DMARC is an email authentication, reporting, and policy conformance protocol that can safeguard users from spoofing and phishing. It also helps in building a sound domain reputation. Let's dive in to learn more about DMARC.
DMARC stands for Domain-based Message Authentication, Reporting & Conformance. DMARC is a standard email authentication protocol that helps you take an authoritative action in case DKIM/SPF fails.
DMARC performs the following functions:
Adds linkages to the author’s ("From") domain name.
Publishes policies for handling the authentication failures on the part of the recipients.
Reports from receivers to senders.
Monitors and improvises the domain protection from fraudulent emails.
An organization can easily incorporate the DMARC protocol into its existing inbound email authentication process. It ensures the email message aligns with the receiver's knowledge regarding the sender. In case it doesn't match, then proper guidelines are there to handle such non-aligned messages.
The importance of DMARC is deeply tied to email security and deliverability. The major benefits for which you should set up DMARC are as follows:
DMARC provides robust email authentication reporting.
The protocol reduces the phishing practices that are the delivery of fraudulent emails in the recipient's inbox. It further minimizes the false positives.
With the help of the DMARC protocol, ISPs or internet service providers can identify spammers quickly. Therefore, it prevents any malicious emails from reaching recipients' inboxes.
DMARC tends to replace ADSP (Author Domain Signing Practices) by assisting in various other aspects such as subdomain policies (wildcarding), non-existent subdomains, slow rollout (such as percentage experiments), SPF or, quarantining mail.
Working at the internet-scale DMARC helps to avoid unnecessary complexities and makes way for more transparency.
DMARC solves the problem of spammers using your domain name to send emails.
The public Domain Name System (DNS) consists of the DMARC policies. These policies are available for everyone. There are no licensing or other restrictions with the specification that is issued. Any interested party can implement it freely.
The implementation of DMARC policy on your domain name involves a set of processes. Here, changes are made in the DNS records at the domain registrar. Then, an optimal configuration takes place at the end of email providers to send the signed emails.
Basic steps included in the execution process are as follows:
The sender domain must pass DKIM. The envelope domain must pass SPF. Or the sender domain is a sub-domain of the envelope domain or vice versa.
After setting up SPF and DKIM properly, the DMARC policy will be tested and verified. For this, the DMARC record must be added to your domain's DNS settings.
Here's how you can set up the DMARC DNS:
Firstly, you have to log in to your DNS hosting provider. Different servers have different interfaces. You can also go to the manage/configure DNS settings option. Once logged in, check for the 'Creating a new record' prompt.
Search for the ‘TXT’ section to create and edit a new record.
Fill in values for the following fields:
Host/Name: Input the value ‘_DMARC’ in this column. In case, you are entering a DMARC record for a subdomain, then put in ‘_dmarc.subdomain’. The hosting provider will add the domain or subdomain after the value respectively.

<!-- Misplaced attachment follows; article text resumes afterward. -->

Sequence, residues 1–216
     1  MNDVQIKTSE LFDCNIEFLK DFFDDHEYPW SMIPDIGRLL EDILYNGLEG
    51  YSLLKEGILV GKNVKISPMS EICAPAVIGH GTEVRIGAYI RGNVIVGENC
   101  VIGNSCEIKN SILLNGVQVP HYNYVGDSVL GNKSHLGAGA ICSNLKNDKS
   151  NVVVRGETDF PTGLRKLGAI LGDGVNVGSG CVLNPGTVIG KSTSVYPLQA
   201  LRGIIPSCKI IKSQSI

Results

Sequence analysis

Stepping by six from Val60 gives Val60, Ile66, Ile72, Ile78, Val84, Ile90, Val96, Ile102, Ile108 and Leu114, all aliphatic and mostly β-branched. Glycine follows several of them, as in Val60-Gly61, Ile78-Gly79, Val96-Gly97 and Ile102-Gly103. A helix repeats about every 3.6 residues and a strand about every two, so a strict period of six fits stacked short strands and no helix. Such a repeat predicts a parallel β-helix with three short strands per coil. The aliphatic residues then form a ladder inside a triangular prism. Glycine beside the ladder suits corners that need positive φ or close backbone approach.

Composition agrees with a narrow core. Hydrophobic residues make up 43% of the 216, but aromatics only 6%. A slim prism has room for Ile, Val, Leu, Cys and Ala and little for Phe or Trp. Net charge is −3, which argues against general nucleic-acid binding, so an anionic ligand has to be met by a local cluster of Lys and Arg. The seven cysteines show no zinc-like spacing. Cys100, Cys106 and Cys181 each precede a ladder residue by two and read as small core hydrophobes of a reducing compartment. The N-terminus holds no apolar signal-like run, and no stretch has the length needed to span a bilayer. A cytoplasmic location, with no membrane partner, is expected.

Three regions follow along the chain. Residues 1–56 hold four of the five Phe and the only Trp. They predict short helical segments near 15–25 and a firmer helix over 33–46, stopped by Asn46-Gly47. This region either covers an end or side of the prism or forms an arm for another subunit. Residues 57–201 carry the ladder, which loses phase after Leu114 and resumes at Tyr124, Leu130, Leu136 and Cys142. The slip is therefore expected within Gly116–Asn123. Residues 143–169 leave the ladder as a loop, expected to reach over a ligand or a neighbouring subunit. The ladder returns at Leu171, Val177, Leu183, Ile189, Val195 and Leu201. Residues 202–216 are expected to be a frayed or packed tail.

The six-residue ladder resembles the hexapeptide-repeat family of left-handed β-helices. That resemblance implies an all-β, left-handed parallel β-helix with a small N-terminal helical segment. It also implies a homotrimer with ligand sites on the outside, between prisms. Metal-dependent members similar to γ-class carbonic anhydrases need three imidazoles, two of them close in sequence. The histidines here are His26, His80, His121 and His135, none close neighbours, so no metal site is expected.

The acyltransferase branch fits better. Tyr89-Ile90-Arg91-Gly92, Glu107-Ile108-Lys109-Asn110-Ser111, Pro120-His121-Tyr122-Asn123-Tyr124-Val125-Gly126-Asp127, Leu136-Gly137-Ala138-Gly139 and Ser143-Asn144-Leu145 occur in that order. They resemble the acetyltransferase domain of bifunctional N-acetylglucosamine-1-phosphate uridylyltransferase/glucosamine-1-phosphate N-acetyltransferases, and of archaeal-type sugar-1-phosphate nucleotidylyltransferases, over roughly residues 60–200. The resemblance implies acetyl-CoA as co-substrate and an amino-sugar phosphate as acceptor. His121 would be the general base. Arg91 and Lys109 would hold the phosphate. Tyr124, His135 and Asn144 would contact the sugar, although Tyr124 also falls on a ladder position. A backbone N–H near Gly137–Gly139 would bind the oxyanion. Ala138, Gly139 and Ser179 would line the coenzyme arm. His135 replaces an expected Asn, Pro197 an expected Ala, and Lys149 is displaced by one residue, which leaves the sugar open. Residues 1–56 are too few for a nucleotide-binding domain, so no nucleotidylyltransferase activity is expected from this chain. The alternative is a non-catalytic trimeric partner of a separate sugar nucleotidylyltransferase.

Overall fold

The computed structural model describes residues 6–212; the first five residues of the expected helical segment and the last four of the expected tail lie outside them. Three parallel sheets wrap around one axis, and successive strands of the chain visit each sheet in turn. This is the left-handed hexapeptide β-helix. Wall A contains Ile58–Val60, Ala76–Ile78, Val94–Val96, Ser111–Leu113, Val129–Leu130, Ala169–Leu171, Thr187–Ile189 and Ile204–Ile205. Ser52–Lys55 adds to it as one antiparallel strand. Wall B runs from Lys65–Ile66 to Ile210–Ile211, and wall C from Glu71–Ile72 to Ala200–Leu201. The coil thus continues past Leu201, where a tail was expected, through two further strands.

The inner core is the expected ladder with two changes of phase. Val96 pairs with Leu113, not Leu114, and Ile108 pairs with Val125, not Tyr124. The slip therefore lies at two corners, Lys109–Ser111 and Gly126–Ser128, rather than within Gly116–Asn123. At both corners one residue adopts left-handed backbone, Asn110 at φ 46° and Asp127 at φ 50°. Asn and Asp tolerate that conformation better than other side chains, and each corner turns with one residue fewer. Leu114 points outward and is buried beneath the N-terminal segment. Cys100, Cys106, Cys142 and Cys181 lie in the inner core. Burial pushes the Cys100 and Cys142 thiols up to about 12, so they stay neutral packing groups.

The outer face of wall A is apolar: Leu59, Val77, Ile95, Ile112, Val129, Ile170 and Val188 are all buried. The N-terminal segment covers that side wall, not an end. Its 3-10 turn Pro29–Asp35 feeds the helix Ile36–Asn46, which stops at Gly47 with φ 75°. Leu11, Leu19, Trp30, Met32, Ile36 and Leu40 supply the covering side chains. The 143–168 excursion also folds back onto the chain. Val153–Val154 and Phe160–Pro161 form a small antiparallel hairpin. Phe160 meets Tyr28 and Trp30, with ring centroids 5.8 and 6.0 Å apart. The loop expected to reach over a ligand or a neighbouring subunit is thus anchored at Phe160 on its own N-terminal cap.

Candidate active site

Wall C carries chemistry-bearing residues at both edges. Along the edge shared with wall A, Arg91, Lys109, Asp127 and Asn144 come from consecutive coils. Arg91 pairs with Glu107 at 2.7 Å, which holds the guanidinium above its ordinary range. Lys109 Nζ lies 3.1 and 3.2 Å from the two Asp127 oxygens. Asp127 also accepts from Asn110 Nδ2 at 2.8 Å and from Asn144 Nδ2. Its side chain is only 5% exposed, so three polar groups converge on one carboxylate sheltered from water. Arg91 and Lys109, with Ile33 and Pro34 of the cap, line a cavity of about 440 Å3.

Record Type: Here, you have to select the ‘TXT’ DNS record option from the drop-down list.
Value: Every DMARC record requires two tag-value pairs. First is "v" and second, "p". The former "v" has only one tag-value pair that is provided as v=DMARC1. For the "p" tag pair, three options are usually available, ‘none’, ‘quarantine’, or ‘reject’. The entry of these tag-value pairs will be: ‘p=none’; ‘p=quarantine’ or, ‘p=reject’.
Click on create/save option to generate and submit the DMARC record.
The step involves direct testing of the new DMARC record. Check and verify the syntax and values added are working correctly. Test all the defined policies to ensure they are performing as required. Hence, there's no scope for any legitimate email to get blocked.
Following is an example of a DMARC record:
_dmarc.yourdomain IN TXT "v=DMARC1; p=none; rua=mailto:email@example.com"
The three (3) tags are: v, p, & rua, and the three (3) values are DMARC1, none, and mailto:firstname.lastname@example.org. The "v" tag is the version of DMARC, the "p" tag is the policy (meaning what action to take if the message fails DMARC), and the "rua" tag is the email address to send DMARC aggregate reports to.
Keep monitoring the overall performance to understand the logistics of the email domains and generate better results.
The DMARC policy specifies how the SPF and DKIM will be dealt with and handled by the email servers. It gives the domain administrators the reporting mechanism to identify any email failure or spoofing attempt on the domain. A report by IETF Datatracker explains how it’s done.
If you want to send out interactive AMP emails, you will have to get whitelisted with Yahoo Mail, Gmail, and Mail.ru. These are the only 3 email clients which support AMP emails. For a successful whitelisting of your sender address, you will have to set up DMARC for your domain.
With Mailmodo, you can easily set up DMARC and start sending out interactive AMP emails. The Mailmodo team assists you in incorporating the DMARC to protect your company's domain name easily and reap the benefits of interactive AMP emails.